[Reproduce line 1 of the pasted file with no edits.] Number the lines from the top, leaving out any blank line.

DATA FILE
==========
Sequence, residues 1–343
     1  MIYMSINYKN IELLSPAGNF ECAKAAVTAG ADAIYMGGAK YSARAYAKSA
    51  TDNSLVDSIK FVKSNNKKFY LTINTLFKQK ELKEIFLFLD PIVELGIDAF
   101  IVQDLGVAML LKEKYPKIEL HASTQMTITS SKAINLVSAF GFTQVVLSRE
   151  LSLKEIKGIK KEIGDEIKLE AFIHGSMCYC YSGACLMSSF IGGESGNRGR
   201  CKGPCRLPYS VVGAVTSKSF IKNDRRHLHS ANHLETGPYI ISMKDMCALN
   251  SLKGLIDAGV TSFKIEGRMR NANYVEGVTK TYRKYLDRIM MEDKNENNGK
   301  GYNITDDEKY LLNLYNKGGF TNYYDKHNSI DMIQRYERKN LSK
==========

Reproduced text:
Sequence, residues 1–343